The first quarter of the year was a good period for some big, publicly traded U.S. annuity issuers and a tough period for others.
Earnings releases have begun to pour out of the issuers since last Monday, and the sales and earnings pictures are jumbled.
One point was clear, however: Top executives at the issuers are not weeping over the apparent demise of the U.S. Department of Labor’s fiduciary rule.
Ronald Grensteiner, president of American Equity Investment Life Holding Co., was one of many annuity issuer executives who took questions from securities analysts about the effects of the court ruling blocking the Labor Department’s rule, and efforts by the U.S. Securities and Exchange Commission to develop its own rule.
“It’s probably too early to know if there’s going to be any changes in behavior by agents,” Grensteiner said during America Equity’s first-quarter earnings call with analysts. “I think there’s a bit of sigh of relief that the DOL rule is mostly gone.”
But Grensteiner emphasized that his company will continue to work with regulators to make the industry better.
“We’re not expecting anything to go crazy here in the next year,” Grensteiner said.
Here’s a look at more of what American Equity and six other issuers said, in their earnings releases, in their financial supplement reports, and during earnings calls.
(Related: What a Big Annuity Issuer Sees Out There Now)
American Equity Investment Life Holding Co.
The West Des Moines, Iowa-based company is reporting $141 million in net income for the latest quarter on $119 million in revenue, compared with $54 million in net income on $927 million in revenue for the first quarter of 2017.
The company’s results for the first quarter include a $867 million drop in the fair value of embedded derivatives.
The company generated $1 billion in total sales, down 4.5% for the total for the first quarter of 2017.
American International Group Inc.
The New York-based company is reporting $949 million in net income for the first quarter on $12 billion in revenue, compared with $1.2 billion in net income on $13 billion in revenue for the first quarter of 2017.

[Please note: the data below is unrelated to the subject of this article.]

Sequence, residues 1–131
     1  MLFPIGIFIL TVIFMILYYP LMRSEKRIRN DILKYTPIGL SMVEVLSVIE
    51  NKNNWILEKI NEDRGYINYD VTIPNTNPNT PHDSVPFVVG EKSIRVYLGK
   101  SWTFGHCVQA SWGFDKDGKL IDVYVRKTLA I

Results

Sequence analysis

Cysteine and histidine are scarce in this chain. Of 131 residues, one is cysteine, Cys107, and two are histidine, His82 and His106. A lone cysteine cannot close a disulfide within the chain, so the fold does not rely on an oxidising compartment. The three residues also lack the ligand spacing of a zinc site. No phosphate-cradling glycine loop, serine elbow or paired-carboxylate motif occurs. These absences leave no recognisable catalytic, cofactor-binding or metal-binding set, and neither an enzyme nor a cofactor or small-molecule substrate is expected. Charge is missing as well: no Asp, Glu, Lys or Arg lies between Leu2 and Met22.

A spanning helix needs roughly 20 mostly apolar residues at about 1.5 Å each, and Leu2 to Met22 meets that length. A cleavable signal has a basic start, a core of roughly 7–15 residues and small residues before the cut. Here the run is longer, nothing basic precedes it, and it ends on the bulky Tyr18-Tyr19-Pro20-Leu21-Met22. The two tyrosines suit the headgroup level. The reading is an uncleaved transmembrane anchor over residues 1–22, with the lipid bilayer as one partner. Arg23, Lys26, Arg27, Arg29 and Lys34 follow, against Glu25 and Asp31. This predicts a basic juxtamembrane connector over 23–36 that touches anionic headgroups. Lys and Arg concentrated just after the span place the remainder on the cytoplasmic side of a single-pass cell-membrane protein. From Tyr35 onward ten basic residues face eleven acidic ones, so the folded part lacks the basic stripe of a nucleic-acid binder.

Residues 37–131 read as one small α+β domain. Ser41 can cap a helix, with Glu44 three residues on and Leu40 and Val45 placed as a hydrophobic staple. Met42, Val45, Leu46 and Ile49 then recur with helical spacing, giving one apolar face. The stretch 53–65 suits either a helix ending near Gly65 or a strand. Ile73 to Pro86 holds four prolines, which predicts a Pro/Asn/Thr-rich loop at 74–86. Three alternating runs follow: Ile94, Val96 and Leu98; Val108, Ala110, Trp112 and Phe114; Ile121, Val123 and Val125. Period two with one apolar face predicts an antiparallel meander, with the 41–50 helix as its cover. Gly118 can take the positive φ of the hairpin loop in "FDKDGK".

AIG’s life and retirement unit is reporting $702 million in after-tax income on $3.5 billion in revenue, compared with $602 million in after-tax income on $3.7 billion for the year-earlier quarter.
At that unit, spending on non-deferrable commissions edged higher, to $139 million, from $138 million.
The individual retirement unit, which is part of the life and retirement unit, is reporting $499 million in adjusted pre-tax income on $1.4 billion in revenue, compared with $539 million in adjusted pre-tax income on $1.4 billion in revenue for the year-earlier quarter.
- Spending on non-deferrable commissions at the individual retirement unit increased to $81 million, from $72 million.
- The net flow of cash into AIG’s indexed annuities increased to $615 million, from $515 million.
- The net flow of cash out of AIG’s fixed annuities and variable annuities also increased. Net outflow increased to $781 million, from $577 million, for fixed annuities, and to $477 million, from $192 million, for variable annuities.
In an earnings call presentation, AIG described individual and group retirement net flows as “challenged.”
Although net flows were negative, the strong stock market helped increase individual variable and indexed annuity assets to $74 billion, from $67 billion. Individual fixed annuity assets fell to $57 billion, from $59 billion.
Brighthouse Financial Inc.
The Charlotte, North Carolina-based company is reporting a $67 million net loss for the first quarter on $1.8 billion in revenue, compared with a $349 million net loss on $965 million in revenue for the first quarter of 2017.
Sales of variable and indexed annuities increased to $1 billion, from $858 million in the year-earlier quarter.
Sales of fixed annuities increased to $220 million, from $73 million.
FBL Financial Group Inc.
The West Des Moines, Iowa-based company is reporting $24 million in net income for the first quarter on $182 million in revenue, compared with $26 million in net income on $182 million in revenue for the first quarter of 2017.